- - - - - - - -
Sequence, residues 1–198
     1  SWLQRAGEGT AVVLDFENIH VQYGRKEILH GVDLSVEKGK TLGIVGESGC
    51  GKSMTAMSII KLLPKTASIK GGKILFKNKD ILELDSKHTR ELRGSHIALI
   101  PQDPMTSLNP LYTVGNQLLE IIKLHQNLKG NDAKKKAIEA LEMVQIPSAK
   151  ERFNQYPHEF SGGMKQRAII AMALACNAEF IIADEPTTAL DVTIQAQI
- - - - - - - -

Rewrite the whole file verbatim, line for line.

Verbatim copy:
Sequence, residues 1–198
     1  SWLQRAGEGT AVVLDFENIH VQYGRKEILH GVDLSVEKGK TLGIVGESGC
    51  GKSMTAMSII KLLPKTASIK GGKILFKNKD ILELDSKHTR ELRGSHIALI
   101  PQDPMTSLNP LYTVGNQLLE IIKLHQNLKG NDAKKKAIEA LEMVQIPSAK
   151  ERFNQYPHEF SGGMKQRAII AMALACNAEF IIADEPTTAL DVTIQAQI